The Pecking Order – Watching garden birds Part 1

On Sunday I talked about how to attract birds to your garden. Today, I want to say why you should.

The first reason is that it’s good for them. Providing an accessible and reliable source of food and water (year-round) helps populations survive, even thrive. So it makes sense in terms of conservation.

The other reason is that birds are great to watch. Obviously they are attractive, even the ‘little brown jobs’ have subtle beauty if you look at them closely. It’s great to see birds, but properly *watching* birds yields so much more than just ticking them off. Pay a bit more attention, and you open up a world of fascinating behaviour in your own back garden.

Coal Tit and Greenfinch share a feeder

There’s the interaction of the different species (inter-species interaction), and the interactions within a group of the same species (intra-species interaction). The ‘Pecking Order’. Who respects who? Who shows no respect for anyone? Sparrows may drive off a Dunnock, but a Robin will stand its ground. Greenfinches aren’t pushed off by much, though everyone gives a Woodpecker a wide bearth. Great Tits push the Blue Tits around, and the Blue Tits see off the Coal Tits. It can look like bullying at times, but these complex hierarchies work, and as long as the food supply is there everyone gets their fill.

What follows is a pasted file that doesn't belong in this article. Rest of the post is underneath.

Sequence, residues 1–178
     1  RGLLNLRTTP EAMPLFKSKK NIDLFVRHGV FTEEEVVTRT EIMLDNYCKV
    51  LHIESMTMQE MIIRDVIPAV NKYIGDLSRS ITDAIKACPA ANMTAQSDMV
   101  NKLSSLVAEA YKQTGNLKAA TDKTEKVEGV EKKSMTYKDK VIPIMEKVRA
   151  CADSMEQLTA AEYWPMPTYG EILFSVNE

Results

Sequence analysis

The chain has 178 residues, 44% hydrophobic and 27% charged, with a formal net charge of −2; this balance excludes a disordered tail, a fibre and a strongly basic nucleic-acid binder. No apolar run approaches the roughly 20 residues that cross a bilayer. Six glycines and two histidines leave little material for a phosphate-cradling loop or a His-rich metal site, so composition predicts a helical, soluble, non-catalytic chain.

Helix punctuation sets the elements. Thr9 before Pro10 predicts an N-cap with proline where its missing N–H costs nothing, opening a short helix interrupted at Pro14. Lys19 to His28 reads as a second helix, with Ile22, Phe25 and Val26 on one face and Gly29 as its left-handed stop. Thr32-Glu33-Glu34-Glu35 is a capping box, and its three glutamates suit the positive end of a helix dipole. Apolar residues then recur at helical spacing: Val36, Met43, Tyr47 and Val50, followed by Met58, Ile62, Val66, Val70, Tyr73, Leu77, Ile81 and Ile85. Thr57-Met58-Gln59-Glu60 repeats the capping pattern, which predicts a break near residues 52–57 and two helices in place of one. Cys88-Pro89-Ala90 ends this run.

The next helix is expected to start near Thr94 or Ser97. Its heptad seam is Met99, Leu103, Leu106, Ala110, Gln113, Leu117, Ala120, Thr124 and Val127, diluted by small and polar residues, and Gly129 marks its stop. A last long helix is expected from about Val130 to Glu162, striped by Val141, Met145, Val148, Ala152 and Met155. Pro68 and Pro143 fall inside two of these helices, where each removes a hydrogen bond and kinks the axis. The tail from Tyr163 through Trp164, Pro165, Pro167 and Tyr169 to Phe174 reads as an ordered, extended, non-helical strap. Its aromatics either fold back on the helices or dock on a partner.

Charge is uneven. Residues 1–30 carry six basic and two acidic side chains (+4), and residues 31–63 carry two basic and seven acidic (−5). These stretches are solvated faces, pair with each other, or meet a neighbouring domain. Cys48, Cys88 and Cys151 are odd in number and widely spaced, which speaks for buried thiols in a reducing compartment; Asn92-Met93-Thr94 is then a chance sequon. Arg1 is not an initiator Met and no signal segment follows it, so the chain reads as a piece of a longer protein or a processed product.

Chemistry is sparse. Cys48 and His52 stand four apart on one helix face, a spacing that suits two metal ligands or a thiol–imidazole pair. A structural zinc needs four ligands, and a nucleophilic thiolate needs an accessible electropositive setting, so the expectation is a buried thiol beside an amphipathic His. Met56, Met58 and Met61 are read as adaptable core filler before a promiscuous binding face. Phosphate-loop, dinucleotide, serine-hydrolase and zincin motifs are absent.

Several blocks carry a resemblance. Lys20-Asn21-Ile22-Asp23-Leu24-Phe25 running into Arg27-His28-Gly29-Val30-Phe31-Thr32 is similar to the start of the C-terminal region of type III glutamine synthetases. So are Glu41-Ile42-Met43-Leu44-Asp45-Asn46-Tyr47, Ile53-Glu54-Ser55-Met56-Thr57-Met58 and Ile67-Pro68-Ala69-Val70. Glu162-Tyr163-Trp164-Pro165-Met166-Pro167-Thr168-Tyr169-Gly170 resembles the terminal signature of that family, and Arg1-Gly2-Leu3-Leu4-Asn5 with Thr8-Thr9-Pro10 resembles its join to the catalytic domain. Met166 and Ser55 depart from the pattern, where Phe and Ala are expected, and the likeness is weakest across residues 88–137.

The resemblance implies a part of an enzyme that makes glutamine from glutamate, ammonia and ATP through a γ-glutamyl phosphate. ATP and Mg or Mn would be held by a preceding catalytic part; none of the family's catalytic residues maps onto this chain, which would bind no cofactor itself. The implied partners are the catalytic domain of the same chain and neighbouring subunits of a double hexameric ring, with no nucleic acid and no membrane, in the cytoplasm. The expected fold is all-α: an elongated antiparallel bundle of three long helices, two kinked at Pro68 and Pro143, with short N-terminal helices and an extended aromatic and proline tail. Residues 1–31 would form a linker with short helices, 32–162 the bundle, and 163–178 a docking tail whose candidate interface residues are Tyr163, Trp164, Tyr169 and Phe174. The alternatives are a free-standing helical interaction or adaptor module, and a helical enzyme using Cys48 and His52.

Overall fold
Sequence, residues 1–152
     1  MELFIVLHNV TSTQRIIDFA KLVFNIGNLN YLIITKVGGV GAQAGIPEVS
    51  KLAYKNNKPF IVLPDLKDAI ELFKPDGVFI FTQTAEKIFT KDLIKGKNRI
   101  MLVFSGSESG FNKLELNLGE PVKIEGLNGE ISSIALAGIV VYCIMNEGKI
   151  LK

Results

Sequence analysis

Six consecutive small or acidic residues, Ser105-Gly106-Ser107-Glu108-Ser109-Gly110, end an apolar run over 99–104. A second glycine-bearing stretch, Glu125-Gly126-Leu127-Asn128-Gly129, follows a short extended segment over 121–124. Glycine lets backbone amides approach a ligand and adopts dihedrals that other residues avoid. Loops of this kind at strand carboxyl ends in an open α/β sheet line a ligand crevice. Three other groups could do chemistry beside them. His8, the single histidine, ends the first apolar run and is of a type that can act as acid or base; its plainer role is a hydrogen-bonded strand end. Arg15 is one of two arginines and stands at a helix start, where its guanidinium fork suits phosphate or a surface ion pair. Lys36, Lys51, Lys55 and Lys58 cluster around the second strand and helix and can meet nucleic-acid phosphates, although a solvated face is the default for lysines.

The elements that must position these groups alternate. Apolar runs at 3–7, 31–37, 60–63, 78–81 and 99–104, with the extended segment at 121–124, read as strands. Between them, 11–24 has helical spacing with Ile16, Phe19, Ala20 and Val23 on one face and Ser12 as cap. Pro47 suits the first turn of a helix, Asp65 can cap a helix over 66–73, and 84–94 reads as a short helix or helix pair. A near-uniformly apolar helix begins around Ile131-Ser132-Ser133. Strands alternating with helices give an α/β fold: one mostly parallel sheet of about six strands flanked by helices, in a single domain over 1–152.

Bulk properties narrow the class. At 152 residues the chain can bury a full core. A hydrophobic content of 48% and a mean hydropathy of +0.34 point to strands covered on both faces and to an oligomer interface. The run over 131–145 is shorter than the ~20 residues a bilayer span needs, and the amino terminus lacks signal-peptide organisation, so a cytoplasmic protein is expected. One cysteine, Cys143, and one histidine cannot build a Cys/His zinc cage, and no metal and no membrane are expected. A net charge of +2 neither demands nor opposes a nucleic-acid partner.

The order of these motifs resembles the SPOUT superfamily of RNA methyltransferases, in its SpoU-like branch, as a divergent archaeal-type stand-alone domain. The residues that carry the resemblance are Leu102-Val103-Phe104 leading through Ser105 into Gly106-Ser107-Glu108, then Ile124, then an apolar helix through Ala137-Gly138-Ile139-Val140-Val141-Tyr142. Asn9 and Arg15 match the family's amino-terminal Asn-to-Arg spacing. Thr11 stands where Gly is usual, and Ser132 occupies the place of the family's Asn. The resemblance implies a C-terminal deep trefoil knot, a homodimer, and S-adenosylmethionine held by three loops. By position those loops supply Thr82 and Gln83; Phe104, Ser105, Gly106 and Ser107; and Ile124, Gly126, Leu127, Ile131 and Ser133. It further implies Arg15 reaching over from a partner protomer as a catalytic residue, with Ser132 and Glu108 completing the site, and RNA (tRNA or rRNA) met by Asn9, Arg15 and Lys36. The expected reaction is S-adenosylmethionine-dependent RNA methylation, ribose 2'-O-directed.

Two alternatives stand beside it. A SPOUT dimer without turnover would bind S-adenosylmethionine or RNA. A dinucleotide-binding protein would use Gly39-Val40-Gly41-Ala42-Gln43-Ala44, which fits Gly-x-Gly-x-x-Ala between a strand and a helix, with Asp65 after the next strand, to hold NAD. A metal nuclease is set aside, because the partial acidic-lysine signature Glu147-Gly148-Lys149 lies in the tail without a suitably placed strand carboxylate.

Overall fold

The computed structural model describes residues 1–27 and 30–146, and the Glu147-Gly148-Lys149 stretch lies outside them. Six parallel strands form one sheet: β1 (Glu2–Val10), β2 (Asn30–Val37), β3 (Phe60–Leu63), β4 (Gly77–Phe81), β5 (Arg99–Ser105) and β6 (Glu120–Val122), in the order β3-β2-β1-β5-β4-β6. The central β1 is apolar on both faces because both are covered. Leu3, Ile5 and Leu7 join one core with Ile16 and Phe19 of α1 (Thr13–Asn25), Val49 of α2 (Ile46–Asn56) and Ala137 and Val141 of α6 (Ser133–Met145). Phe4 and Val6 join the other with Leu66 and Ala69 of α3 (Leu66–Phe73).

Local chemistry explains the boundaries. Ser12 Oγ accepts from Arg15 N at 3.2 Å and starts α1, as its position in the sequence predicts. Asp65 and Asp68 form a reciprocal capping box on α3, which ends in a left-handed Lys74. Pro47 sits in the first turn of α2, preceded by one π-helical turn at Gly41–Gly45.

I’m describing it as if there’s a set of hard and fast rules, but you’ll soon learn that generally applicable principles don’t always work. Individual birds will be that little feistier, smarter, quicker, or by contrast timid, when compared to others.

This Robin isn’t so shy, Martin Mere, 2010

For instance, everybody knows Wrens are shy and hard to spot (although very easy to hear), and Robins are bold and accommodating. But in the garden here, we have a wren that will sit on the window ledge and look into the kitchen. She’ll even sit on fenceposts feet away from you. Whereas the Robin doesn’t even like being watched through the window on the far side of the garden. So your birds may behave differently to others.

Feel free to share any observations of your own birds. Part 2 will be up tomorrow.


This entry was posted in Birds, Ethology and tagged , , , . Bookmark the permalink.

I welcome thoughts, comments and questions, so please feel free to share anything at all. Thanks, David

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